“While today’s felony disenfranchisement laws are racially neutral,” the ACS states, “many are inherited from an underlying legacy of racist voting restrictions.”


Read more: http://www.voxxi.com/voter-id-laws-integrity-suppression/#ixzz26wqEOiBO
 

GarfieldtheCat

Diamond Member
Jan 7, 2005
3,708
1
0
You obviously do not know what is required in such a court case. The state is not required to prove why the law is needed - those opposed to it must prove why it is not needed. Your idiotic demand that the state do something it is not required to do is soundly laughed at. HA HA!
Wait, a troll knows about the law? Don't think so. Link to proof that any elections have been affected by illegal voting please? Your history of bigotry, and lying don't help your case, nor making the many ASSumptions you make up.

So link real evidence (you know, like the proof we posted that showed you lied about WMD) that shows voter fraud has changed an election result. Because Penn is legally admitting that they haven't seen it, nor to they think it will happen, and they also admit the law (if upheld) won't change anything.

Since voter fraud according to the state of Penn isn't a problem, why are they doing it? Answer that. Facts please, not your made up reality.


Florida is not Pennsylvania. Do all libs have problems understanding basic policial boundaries, or are we just "blessed" with an over abundance your kind here?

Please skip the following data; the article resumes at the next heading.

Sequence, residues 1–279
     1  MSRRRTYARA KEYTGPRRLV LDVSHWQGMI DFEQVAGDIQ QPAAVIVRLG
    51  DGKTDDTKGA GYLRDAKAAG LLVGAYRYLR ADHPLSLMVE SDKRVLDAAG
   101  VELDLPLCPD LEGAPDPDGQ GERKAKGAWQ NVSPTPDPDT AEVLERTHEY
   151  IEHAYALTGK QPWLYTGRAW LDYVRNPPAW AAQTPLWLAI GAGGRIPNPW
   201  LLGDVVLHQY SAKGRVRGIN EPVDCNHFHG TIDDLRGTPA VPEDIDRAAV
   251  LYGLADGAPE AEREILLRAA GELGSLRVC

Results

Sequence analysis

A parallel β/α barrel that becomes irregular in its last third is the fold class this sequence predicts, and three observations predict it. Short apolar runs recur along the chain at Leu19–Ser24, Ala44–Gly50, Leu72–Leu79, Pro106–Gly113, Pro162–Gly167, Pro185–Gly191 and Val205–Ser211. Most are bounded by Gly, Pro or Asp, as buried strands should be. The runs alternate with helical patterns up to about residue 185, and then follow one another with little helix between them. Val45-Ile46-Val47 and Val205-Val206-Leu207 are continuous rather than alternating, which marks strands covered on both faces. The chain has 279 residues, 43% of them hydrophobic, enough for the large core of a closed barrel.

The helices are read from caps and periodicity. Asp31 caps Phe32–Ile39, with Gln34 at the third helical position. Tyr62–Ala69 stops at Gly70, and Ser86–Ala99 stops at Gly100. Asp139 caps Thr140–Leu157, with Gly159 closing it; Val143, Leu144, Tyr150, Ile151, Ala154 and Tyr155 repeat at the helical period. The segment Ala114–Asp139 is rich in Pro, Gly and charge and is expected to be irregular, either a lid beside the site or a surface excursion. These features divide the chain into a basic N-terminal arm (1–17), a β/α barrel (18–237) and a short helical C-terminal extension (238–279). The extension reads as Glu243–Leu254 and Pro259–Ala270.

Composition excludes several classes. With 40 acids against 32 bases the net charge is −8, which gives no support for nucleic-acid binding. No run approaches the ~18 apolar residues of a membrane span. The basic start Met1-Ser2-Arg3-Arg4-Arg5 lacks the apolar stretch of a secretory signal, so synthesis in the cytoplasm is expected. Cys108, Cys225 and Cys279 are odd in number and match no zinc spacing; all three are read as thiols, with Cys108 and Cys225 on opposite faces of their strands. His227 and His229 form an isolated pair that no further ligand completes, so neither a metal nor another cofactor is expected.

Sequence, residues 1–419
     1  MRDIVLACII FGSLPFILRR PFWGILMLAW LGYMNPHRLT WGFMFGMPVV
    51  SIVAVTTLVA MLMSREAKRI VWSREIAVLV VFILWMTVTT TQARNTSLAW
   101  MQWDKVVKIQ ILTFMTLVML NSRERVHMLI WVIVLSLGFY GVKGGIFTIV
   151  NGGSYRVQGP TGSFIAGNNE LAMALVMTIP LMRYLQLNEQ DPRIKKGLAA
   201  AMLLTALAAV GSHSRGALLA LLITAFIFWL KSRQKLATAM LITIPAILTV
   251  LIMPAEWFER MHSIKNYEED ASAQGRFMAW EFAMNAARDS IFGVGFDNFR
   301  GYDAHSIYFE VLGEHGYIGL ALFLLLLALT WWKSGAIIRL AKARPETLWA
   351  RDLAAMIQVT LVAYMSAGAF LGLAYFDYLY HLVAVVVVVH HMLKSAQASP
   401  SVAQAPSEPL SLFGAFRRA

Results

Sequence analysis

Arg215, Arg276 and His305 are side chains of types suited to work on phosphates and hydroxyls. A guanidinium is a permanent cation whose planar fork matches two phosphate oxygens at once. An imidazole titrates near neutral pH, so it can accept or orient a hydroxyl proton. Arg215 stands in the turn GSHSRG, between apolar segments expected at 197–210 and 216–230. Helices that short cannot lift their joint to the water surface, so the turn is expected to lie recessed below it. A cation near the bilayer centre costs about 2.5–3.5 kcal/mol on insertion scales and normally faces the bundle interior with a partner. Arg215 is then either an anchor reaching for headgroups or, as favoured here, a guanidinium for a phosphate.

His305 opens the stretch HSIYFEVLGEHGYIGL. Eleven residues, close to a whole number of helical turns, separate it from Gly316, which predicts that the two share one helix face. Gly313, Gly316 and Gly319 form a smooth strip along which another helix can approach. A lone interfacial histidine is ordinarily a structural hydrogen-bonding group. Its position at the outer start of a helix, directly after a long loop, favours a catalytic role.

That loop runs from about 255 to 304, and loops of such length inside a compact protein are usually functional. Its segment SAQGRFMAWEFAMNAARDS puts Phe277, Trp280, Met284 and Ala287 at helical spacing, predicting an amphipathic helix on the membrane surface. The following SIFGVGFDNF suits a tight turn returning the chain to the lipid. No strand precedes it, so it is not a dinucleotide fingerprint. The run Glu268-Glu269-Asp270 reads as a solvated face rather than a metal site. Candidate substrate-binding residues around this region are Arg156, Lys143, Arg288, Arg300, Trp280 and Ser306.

Well, I can't help it is you are ignorant. FL is another state doing a very similar voter ID law, and here is a GOP chair admitting that it is for discrimination, not for voter fraud. The dots are really big, and close together. Even you should be able to connect them.

I've provided evidence that shows that multiple states don't have any reason to think there is voter fraud, and that multiple states have GOP'ers claiming it is for discrimination, not for voter fraud. That wasn't so hard to figure out, even for a troll like you now was it?

So, links to proof that these guys are all lying? Other then your worthless claim I mean.

BTW, man up and honor your bet and leave. You didn't have to bet, but you did. Take the consequences and leave. Or admit you lied.
 

EagleKeeper

Discussion Club Moderator<br>Elite Member
Staff member
Oct 30, 2000
42,599
5
0
Fraud has been proven to exist.

Until you catch them; how can it be proven?

The liberals like to use the catch fact. This is similar to the verification of an ant problem.
Everyone you see; many more are hiding.

Are the liberals so worried about losing votes because they were illegal or that a person will not want to value their vote enough to abide by the law.

They cite all these statistics about # people that do not have ID; yet they have not provide statistics about how many people that voted in 2008 or 2010 did not have an ID.

They key is people that vote vs people that are eligible to vote not having an ID.